Rapid Serial Visual Presentation (RSVP) [3], [37], the technique that we apply to tackle the scalability limitation of Parallel Edge Splatting, describes the process of quickly flipping through a set of images, diagrams, or other visual representations. This approach is often applied to video or image browsing [11], [39], [41]. Two subconcepts of RSVP can be distinguished [4]. InstaticRSVP, the displayed entities are stacked exactly on top of each other such that only one entity is visible at a time. Animated node-link diagrams can be considered instances of this approach. In contrast to that, dynamic RSVP shows more than a single entity, but subsequences of entities at the same time.

Related but interpreted differently, RSVP is also known as a technique for displaying text word by word [31]. For details on the cognitive processes behind RSVP we refer to Coltheart [8].

III. VISUALIZATIONTECHNIQUE

Our approach is built on Parallel Edge Splatting [7] and integrates RSVP. It is thus a combined animated and timeline-based diagram for visualizing dynamic graphs, trying to incor-porate the advantages of both paradigms. After specifying the graph data model for the visualization precisely, we explain the graph layout and edge splatting in detail. Then, we show how RSVP is leveraged in the visualization technique and describe interactive features that help exploring the data.

A. Graph Data Model

Adding and removing edges is a relevant aspect of dynamic graphs. On a continuous time axis, edges can be added or removed at any time step. Furthermore, edge weights might change in weighted graphs. When edges point from a source to

a target, we talk about directed graphs. The presented visual-ization approach takesdirected and weighted dynamic graphs as input and generates a sequence of images to visualize them.

Formally, such graphs can be defined as follows. Let

G= (VA, EA, µ)

be a directed weighted graph, where VA denotes the set of n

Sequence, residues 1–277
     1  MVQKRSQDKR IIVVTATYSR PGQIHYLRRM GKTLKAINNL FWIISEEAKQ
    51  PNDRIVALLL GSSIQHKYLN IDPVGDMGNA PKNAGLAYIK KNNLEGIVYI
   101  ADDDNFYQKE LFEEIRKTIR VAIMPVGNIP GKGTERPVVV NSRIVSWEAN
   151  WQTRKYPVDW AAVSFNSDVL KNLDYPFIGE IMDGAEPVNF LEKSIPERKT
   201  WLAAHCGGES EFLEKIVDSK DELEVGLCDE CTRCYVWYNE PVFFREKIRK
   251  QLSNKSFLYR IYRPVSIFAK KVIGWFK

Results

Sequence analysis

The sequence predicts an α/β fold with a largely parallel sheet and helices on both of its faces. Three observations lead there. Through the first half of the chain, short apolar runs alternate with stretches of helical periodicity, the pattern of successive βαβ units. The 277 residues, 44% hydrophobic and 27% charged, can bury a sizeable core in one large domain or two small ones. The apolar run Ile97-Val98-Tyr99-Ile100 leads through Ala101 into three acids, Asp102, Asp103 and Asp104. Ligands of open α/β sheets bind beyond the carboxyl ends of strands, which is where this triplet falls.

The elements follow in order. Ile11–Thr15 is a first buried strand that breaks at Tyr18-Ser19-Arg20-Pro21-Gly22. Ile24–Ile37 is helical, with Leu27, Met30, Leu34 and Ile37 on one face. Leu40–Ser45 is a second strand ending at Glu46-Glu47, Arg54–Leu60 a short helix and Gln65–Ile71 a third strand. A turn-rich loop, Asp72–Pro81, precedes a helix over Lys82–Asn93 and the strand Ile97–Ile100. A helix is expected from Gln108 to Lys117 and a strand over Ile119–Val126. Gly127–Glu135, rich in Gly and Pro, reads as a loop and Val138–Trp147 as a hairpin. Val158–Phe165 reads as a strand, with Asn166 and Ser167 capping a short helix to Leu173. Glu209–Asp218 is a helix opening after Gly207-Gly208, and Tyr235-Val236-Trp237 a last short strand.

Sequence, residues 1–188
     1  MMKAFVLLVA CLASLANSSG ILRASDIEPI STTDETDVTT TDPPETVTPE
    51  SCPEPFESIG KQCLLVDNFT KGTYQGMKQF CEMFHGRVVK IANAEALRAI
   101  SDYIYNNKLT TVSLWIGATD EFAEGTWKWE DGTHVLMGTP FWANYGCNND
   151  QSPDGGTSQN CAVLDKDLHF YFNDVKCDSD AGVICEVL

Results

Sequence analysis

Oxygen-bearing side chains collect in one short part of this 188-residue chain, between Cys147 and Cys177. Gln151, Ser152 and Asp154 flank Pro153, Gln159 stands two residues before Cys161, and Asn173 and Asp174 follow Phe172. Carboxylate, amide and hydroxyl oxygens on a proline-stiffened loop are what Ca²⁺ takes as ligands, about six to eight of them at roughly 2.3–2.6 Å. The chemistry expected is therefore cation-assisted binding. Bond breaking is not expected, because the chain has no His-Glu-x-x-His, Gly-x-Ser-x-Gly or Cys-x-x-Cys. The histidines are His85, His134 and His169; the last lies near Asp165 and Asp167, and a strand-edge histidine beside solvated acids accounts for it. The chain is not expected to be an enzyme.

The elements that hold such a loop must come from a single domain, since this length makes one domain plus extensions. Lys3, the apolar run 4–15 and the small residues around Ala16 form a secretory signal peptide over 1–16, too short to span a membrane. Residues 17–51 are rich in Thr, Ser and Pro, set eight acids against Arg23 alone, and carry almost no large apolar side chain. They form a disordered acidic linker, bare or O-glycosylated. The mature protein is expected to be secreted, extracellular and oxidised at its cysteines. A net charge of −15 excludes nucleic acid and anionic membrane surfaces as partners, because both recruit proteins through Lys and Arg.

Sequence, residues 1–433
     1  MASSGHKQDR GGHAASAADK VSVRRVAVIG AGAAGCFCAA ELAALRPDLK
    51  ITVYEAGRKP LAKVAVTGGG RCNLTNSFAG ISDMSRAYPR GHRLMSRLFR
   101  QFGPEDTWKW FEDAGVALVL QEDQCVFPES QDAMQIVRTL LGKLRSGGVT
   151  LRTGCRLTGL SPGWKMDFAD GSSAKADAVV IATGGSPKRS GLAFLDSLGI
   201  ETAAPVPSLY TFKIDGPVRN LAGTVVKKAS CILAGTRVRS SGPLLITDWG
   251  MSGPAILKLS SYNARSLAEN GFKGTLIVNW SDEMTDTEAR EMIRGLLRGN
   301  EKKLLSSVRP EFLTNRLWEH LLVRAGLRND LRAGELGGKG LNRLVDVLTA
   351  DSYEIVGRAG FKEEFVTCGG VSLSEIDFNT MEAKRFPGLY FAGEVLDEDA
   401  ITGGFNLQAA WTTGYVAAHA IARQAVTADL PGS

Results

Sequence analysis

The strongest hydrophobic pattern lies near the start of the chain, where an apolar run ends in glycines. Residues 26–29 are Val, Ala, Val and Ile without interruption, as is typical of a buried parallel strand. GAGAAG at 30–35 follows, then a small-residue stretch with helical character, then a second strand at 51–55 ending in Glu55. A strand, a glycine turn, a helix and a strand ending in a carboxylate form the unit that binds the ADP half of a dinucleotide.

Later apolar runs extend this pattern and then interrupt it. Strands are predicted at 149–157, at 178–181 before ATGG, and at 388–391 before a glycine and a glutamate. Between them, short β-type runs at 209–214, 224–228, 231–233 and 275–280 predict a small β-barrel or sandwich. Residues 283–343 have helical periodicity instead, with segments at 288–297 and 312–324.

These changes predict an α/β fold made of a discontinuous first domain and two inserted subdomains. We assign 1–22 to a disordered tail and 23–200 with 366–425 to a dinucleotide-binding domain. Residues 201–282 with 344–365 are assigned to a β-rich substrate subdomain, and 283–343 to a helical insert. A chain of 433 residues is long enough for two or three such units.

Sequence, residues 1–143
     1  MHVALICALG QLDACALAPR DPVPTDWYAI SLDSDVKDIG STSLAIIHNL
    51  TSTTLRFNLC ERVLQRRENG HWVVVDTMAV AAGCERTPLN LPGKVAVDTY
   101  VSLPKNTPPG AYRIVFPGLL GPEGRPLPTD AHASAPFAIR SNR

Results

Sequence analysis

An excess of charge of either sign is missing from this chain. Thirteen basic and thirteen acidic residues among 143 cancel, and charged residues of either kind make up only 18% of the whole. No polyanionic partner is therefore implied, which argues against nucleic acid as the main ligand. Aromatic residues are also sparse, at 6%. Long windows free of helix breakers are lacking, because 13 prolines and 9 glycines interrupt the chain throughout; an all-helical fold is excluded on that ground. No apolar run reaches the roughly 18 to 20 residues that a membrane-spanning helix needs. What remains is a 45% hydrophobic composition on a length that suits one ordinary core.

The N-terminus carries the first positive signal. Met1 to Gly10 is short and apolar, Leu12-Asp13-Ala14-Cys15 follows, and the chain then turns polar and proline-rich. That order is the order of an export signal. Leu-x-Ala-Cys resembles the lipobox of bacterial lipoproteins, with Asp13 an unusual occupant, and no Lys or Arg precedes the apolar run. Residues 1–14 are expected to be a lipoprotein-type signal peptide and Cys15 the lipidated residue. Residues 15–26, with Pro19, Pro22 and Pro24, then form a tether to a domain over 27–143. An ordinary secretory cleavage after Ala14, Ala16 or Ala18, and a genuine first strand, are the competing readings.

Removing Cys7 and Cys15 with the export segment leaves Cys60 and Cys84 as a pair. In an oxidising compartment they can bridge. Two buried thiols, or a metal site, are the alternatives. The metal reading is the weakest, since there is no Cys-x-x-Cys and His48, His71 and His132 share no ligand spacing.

vertices andEA⊆VA×VAthe set of directed adjacency edges

between the vertices. A weight is assigned to each adjacency edgee∈EA by a function

µG:EA→R+.

A sequence of such graphs

G:= (G1, G2, . . . , Gk)

withk≥2 is calleddynamic graph. Moreover, each graph

Gi= (VAi, EAi),1≤i≤k

of the sequenceG has a timestamp defined by a function

t:G→R+

whereGis the set of all possible directed graphs and

t(Gi)< t(Gi+1)∀i, 1≤i < k.

Modeling a dynamic graph as a sequence of static graphs as introduced above requires the use of a discrete instead of a continuous time dimension. Nevertheless, the flexible definition of the timestamp functiontallows arbitrary temporal differences between two subsequent static graphs, formally,

t(Gi+1)−t(Gi)is not necessarily constant for all1≤i < k.

Hence, continuous temporal information can be sampled with a fixed or flexible sampling rate to match the data model. In case of non-weighted graphs or discrete changes of edge weights, sampling can be implemented without loss of information because all changes are discrete.

B. Graph Layout

A single graph G= (VA, EA) is typically laid out in the

two-dimensional plane with the goal to meet certain aesthetic graph drawing criteria. Since our approach aims at showing many graphs side-by-side, a graph layout is needed that is space-efficient and that clearly reflects the graph and link structures at the same time. For this reason, the traditional 2D layout is transformed to a 1D layout, i.e., graph vertices are mapped to one-dimensional vertical lines and edge splatting is also applied.